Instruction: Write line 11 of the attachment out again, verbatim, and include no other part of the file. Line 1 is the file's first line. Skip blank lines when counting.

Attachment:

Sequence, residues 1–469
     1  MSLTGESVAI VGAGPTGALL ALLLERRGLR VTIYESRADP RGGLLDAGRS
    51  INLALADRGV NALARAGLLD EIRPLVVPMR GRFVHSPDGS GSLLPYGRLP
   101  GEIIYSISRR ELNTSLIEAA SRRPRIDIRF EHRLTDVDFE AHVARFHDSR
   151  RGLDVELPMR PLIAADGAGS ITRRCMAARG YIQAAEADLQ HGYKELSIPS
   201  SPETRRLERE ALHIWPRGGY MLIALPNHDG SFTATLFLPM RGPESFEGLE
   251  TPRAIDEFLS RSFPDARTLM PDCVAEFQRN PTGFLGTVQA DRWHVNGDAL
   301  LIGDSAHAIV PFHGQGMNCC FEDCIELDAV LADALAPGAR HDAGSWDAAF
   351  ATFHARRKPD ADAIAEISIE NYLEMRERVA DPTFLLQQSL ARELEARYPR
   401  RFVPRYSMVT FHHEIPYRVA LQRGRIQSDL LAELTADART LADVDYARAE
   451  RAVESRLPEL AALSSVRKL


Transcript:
   451  RAVESRLPEL AALSSVRKL